What’s holding you back in job interviews? Addressing the articulation gap

by Mar 25, 2022

Have you ever struggled to addressed a skill question in a job interview? You are not alone if you could not provide an example to demonstrate your skills on the spot. For many candidates, it is not because they don’t have the skills needed – what’s missing is their ability to relate their experience to the selection criteria. This is what we call an “articulation gap”. 

The articulation gap is very common amongst university students, graduates and those who are in the early stages of their career. Students are often busy juggling their study with casual and part time work, internship experiences, extra-curricular involvements, as well as their personal and family life. There is little time to stop and reflect on the skills they have developed.

Over time, it becomes a challenging task to think of a particular experience when asked to demonstrate a skill. This articulation gap affects students’ ability to prepare a good job application, and their ability to do well in job interviews and networking events.

Here are three quick steps to avoid and bridge the articulation gap:


1. Know what your potential employer wants

Knowing what your potential employer wants is the first step to bridge the articulation gap. In the 2021 AAGE Employer Survey, the top five competencies Australian graduate employers assessed were communication skills, teamwork, interpersonal skills, resilience and emotion intelligence.

How might this list be different for potential employers in your area of interest? What technical skills would you add to the list?

We encourage students to start scanning job ads from their first year of study. It is a great idea to develop a list of the common criteria for professional roles in your field. This list can serve as a checklist and a development plan that you will keep track of over the years of your study.


2. Reflect, record and celebrate

Get into the habit of reflecting on your experience regularly. A good timeframe is to do this at the end of each semester as you are wrapping up your classes.

What courses and assessments did you do well in? Did you participate in any internships, part time work, and extracurricular activities? Were you recognised for any of your work? Did you go above and beyond what is required of you in those experiences? What technical and soft skills did you develop over the semester?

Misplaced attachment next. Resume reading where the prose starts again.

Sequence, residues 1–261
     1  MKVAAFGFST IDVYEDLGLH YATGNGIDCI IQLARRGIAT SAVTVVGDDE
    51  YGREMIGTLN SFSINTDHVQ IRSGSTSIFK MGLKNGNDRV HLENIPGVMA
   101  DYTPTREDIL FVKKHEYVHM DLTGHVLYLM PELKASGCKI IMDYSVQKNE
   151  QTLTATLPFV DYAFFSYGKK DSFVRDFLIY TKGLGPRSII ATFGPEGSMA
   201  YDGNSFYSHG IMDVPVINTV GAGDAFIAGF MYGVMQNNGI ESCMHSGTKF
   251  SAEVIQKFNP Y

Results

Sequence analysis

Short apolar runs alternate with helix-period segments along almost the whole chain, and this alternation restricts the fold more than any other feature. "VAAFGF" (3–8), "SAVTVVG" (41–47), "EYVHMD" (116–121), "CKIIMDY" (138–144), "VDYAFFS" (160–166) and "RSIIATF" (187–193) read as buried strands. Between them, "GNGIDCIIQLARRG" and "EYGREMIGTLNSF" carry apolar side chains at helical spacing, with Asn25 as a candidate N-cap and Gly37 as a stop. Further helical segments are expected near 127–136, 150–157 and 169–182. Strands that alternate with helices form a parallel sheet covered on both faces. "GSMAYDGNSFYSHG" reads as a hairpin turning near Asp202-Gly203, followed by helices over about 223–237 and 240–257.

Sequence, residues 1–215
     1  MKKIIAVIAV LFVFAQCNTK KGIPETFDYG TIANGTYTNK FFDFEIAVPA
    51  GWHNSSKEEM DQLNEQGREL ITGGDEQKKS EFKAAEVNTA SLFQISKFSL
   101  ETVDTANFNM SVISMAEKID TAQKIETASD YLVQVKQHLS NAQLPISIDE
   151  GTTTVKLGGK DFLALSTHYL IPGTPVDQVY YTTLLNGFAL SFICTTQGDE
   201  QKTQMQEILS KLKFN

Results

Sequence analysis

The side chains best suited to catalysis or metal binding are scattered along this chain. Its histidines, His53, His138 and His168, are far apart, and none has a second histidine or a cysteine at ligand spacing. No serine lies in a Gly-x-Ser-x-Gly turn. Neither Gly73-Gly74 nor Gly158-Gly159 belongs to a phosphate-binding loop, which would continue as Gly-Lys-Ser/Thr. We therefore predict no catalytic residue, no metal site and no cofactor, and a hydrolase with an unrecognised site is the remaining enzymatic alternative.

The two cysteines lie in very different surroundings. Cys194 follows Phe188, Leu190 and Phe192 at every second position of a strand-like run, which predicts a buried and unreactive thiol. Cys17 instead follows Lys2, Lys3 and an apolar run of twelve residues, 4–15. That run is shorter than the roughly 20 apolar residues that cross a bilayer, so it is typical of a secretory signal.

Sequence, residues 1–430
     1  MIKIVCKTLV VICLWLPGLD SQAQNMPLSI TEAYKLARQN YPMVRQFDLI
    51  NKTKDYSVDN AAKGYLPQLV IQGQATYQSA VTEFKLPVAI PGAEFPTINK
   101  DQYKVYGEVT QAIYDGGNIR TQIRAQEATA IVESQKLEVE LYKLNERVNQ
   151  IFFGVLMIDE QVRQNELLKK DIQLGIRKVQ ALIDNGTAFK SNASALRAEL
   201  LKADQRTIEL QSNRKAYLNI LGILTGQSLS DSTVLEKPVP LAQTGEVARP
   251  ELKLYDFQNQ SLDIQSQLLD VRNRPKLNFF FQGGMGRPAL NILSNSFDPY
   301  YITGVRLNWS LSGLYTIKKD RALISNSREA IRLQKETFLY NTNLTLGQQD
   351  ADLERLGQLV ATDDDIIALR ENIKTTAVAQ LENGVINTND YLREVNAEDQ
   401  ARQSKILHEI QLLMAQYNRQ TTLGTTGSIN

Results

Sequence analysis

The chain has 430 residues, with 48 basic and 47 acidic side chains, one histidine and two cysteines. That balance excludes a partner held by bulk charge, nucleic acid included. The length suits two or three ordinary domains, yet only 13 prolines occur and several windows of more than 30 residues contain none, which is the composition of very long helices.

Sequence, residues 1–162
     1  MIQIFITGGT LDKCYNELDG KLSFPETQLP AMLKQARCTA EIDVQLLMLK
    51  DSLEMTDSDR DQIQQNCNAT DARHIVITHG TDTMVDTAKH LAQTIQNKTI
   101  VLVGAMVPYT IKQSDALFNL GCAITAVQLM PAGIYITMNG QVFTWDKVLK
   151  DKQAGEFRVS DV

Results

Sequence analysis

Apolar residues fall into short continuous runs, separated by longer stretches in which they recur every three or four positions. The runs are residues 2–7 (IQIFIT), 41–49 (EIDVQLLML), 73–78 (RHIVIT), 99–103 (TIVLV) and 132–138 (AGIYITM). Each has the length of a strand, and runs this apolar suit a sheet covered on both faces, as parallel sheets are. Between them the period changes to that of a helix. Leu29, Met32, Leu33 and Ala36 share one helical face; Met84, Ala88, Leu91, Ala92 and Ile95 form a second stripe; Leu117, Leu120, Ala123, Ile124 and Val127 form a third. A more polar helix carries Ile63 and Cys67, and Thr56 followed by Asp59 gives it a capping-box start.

Keep a record of the examples against your checklist of skills. This could simply be a headline to remind yourself of the experience and one to two bullet points on key information.

This reflection is a great opportunity to celebrate your achievements. It can also help you to set skill development goals for the next semester. Your ultimate objective is to have at least one example on each of the common selection criteria you have identified by the time you graduate.


3. Practise sharing your stories

How often do you share your experience with your family or your friends? Do you talk about it at uni, at work or at your internship?

In a way, answering interview questions are similar to storytelling. If it feels awkward to promote yourself and what you have to offer in a job interview, try sharing stories about your experience with people around you. Don’t make a job interview the only time to share things like this.

The more you practise sharing your stories, the more natural it will feel during a job interview. Of course, you do need to refine your stories each time when you prepare for a job interview. The examples you provide in an interview should be concise, relevant and positive.


Final note

An articulation gap can be addressed, so don’t let it hold you back from doing well in your next job interview. You can start now by putting 15 minutes in your diary to go through part of the steps above, popping in another 15 minutes each time as you go. Every small step you take will bring you closer towards the career you aspire to land.


Featured image courtesy of Pexels

Eva Chan

Eva Chan

UTS Careers Manager

Eva is a psychologist and career development specialist with over 17 years of experience in higher education. Eva is passionate in empowering university students and graduates to achieve their academic and career goals.